In Harper Lee’s To Kill a Mockingbird, dramatic action revolves around Tom Robinson, a black man accused of raping a young white woman, Mayella Ewell, in a small Alabama town in the 1930s. Atticus Finch is his court-appointed lawyer, and after he gets the case, his daughter, Scout, the narrator, must contend with the disdain and ostracism of their neighbors.
Atticus, too, stands against the weight of public opinion, even stopping a mob of men eager to dispense vigilante justice. During the trial, Atticus proves the accusers are lying, with Ewell’s father the likely culprit. Despite this, a jury convicts Robinson, who is shot and killed while trying to escape prison.
To Kill a Mockingbird was published in 1960. Two years later, the character of Atticus Finch was immortalized by actor Gregory Peck in the film directed by Robert Mulligan. That performance, of a righteous man standing against a dangerous, prejudiced mob, has inspired some conservatives as they defend Supreme Court nominee Brett Kavanaugh from allegations of sexual assault and misconduct.
National Review editor Rich Lowry uses the example of the fictional Finch to condemn an approach he believes does fatal damage to ideals of fairness and due process. “Atticus Finch didn’t #BelieveAllWomen. He didn’t take an accusation at face value. He defended an alleged rapist, vigorously and unremittingly, making use of every opportunity provided to him by the norms of the Anglo-American system of justice,” wrote Lowry, erroneously stating or deliberately mischaracterizing the view that society shouldn’t dismiss women’s experiences of sexual abuse and violence.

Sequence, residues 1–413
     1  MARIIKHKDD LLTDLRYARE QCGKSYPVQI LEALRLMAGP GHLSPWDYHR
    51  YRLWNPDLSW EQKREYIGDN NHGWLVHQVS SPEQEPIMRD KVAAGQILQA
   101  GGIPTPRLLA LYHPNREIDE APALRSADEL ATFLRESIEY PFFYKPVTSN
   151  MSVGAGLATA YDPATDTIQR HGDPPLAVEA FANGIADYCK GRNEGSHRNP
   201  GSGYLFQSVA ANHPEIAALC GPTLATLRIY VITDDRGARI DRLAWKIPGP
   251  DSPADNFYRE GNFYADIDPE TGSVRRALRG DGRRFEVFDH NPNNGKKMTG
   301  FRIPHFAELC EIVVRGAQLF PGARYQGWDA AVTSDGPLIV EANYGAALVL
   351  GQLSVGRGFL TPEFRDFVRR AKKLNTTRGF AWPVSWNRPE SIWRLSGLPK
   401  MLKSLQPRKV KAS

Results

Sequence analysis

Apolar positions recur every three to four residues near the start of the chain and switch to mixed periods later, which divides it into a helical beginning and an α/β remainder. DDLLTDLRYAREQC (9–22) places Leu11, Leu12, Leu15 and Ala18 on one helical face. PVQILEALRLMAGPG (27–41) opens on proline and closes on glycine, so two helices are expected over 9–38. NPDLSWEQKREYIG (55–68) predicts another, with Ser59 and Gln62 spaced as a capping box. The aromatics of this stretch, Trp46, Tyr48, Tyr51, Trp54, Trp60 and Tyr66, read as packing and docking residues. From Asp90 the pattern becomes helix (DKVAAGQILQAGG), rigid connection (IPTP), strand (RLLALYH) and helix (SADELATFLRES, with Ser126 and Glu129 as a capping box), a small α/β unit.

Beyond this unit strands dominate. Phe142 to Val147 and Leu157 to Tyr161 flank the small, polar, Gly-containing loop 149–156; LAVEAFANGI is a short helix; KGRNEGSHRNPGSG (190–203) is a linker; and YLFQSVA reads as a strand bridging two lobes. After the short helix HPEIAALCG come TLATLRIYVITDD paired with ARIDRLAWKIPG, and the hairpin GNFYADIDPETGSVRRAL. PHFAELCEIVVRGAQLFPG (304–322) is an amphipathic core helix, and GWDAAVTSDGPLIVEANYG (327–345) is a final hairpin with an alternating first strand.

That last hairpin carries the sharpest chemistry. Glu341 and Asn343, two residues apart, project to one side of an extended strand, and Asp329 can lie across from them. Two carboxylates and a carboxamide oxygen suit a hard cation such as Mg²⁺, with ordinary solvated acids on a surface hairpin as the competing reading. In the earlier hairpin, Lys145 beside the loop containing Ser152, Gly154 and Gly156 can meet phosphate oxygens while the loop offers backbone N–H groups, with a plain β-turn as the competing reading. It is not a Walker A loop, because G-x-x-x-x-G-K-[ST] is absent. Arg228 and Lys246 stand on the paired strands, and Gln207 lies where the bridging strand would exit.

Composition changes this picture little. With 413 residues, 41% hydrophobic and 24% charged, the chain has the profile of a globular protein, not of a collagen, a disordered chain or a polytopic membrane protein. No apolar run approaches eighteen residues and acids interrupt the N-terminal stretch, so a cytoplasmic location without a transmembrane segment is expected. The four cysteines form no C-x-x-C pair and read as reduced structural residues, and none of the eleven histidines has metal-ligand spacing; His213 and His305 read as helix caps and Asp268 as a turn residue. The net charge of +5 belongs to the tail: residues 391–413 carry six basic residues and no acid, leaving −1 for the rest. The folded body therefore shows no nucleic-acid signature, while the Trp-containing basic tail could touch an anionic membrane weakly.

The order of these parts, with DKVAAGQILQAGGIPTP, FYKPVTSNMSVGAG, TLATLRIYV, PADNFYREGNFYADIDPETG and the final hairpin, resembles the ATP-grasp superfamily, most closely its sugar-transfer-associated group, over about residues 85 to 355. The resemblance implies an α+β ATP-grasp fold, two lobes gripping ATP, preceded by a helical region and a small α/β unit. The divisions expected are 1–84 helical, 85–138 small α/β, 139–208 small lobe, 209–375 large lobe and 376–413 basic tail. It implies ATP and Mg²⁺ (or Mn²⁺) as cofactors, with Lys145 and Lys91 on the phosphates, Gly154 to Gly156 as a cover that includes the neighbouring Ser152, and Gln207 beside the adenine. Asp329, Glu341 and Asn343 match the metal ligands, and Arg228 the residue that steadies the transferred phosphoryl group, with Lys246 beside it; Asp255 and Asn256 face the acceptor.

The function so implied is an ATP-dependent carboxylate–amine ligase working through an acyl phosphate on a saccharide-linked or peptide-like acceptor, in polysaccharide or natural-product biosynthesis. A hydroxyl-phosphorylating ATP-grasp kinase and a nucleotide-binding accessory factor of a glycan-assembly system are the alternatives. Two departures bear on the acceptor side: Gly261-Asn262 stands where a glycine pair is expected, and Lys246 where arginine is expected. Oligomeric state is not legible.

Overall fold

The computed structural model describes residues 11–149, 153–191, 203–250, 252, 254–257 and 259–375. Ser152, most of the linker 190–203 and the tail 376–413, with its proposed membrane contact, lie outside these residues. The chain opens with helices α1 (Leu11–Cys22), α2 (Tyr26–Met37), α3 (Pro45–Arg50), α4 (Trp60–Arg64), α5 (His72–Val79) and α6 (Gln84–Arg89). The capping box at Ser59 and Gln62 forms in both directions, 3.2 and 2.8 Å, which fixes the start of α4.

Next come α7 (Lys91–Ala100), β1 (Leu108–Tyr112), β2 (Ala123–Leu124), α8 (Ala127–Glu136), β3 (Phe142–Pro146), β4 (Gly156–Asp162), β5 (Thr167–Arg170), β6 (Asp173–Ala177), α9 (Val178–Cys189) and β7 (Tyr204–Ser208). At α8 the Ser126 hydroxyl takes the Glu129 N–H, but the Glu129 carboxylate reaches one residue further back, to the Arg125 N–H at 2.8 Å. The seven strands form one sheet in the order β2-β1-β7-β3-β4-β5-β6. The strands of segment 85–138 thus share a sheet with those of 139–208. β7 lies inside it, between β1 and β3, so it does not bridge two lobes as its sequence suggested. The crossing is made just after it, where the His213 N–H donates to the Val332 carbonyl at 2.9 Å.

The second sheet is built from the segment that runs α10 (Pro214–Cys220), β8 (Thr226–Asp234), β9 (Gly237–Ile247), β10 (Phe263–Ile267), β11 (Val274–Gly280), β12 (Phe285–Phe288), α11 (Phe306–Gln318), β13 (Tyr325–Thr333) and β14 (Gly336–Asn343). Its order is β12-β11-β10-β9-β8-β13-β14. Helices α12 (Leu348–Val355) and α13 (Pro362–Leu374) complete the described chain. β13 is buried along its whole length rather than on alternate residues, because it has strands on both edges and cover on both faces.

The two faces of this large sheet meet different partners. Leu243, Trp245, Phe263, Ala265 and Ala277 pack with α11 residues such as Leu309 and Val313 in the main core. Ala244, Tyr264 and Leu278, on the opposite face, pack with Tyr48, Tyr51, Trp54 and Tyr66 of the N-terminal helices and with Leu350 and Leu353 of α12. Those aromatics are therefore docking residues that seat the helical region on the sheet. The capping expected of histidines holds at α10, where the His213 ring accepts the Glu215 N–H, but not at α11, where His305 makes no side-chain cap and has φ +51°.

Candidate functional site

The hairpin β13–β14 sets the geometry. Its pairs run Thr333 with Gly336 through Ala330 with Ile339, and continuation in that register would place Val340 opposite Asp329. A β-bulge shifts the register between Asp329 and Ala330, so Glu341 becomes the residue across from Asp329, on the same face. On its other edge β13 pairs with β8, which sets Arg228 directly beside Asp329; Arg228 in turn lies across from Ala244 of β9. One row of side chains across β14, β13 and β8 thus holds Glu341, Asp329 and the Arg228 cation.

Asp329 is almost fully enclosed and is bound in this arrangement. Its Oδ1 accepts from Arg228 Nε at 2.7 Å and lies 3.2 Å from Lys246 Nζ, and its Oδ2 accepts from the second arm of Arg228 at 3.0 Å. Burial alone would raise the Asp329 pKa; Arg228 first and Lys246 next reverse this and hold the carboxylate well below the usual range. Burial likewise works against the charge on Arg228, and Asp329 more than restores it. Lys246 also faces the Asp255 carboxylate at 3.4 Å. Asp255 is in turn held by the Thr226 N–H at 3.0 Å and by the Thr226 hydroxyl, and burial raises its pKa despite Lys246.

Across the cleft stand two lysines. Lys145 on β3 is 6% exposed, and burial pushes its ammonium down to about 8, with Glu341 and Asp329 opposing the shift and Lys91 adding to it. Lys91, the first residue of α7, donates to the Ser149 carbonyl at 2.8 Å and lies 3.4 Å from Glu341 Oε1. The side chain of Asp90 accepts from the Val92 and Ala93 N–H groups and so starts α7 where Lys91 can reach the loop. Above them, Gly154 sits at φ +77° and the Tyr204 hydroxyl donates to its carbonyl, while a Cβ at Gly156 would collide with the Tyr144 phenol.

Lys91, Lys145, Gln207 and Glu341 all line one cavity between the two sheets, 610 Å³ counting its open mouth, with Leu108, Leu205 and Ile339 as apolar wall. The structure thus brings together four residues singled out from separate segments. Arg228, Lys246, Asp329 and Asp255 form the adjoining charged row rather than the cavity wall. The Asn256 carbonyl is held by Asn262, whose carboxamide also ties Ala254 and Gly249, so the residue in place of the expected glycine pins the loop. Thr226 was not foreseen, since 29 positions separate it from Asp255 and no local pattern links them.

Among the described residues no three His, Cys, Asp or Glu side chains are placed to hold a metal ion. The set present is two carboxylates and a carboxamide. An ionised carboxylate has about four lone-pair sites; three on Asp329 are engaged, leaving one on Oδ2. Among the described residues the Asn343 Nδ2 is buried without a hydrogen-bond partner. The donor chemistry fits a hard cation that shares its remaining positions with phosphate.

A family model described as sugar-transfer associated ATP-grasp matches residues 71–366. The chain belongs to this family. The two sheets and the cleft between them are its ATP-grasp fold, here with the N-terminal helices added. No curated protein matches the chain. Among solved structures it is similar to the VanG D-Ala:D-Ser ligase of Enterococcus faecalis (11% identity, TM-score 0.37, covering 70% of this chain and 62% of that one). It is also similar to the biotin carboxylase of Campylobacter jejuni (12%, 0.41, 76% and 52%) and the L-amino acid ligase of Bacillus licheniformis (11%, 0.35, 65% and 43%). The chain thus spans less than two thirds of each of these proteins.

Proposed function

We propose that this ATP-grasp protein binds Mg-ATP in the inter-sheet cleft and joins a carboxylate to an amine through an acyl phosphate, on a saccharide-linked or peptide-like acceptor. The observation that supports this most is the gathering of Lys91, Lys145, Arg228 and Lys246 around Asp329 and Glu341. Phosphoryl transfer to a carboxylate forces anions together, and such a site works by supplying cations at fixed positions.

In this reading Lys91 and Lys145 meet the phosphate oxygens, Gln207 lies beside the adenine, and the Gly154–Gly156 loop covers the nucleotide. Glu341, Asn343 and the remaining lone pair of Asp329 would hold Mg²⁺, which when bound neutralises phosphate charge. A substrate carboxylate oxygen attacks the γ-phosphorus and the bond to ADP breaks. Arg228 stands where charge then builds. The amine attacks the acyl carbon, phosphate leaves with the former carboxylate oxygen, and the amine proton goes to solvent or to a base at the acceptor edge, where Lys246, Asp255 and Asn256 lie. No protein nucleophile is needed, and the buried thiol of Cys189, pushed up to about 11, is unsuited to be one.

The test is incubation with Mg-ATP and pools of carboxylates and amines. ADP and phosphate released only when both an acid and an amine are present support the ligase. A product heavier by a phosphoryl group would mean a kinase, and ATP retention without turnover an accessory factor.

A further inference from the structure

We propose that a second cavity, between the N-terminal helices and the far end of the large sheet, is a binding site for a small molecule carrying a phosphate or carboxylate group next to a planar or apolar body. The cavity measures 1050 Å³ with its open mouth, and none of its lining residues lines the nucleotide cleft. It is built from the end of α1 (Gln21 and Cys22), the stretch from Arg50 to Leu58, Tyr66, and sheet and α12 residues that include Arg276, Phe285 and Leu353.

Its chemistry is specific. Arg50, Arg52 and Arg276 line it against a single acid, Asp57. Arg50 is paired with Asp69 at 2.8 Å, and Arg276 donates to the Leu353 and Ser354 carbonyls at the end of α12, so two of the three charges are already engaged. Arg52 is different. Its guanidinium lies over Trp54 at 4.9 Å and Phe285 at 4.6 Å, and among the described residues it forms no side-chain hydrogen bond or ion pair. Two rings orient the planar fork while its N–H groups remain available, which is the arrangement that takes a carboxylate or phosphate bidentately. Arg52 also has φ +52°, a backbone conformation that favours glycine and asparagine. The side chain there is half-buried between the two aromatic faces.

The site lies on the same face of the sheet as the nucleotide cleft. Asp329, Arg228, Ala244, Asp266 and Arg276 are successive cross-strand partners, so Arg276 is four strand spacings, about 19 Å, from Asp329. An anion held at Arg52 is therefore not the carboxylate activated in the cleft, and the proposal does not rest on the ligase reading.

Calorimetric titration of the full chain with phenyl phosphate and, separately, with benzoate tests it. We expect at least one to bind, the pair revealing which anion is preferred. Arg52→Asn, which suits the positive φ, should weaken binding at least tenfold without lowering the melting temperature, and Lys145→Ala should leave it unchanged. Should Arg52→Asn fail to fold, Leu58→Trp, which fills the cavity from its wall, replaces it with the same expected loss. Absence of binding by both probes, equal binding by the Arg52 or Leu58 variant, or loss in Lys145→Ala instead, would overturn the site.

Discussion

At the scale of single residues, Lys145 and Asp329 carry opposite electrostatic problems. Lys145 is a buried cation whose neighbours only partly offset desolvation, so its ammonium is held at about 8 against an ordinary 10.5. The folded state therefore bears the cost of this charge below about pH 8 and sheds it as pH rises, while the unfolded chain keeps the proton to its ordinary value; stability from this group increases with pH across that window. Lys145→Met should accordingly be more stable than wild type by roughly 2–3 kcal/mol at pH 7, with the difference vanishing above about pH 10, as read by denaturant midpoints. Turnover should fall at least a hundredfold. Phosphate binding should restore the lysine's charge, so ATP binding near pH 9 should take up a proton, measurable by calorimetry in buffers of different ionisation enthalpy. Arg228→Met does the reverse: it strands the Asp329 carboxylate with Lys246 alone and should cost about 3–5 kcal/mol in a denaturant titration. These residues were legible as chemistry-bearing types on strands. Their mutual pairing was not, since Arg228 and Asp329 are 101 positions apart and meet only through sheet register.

On Thursday, Republican Senate Majority Whip John Cornyn referenced that column in a speech on the Senate floor. “We all remember that Atticus Finch was a lawyer who did not believe that a mere accusation was synonymous with guilt,” he said. “He represented an unpopular person who many people presumed was guilty of a heinous crime because of his race, and his race alone. We could learn from Atticus Finch now, during this time when there has been such a vicious and unrelenting attack on the integrity and good name of this nominee.”
And writing commentary for CBS News, columnist Michael Graham warns liberal Kavanaugh critics that they are “the emotional mob Atticus Finch must face down.”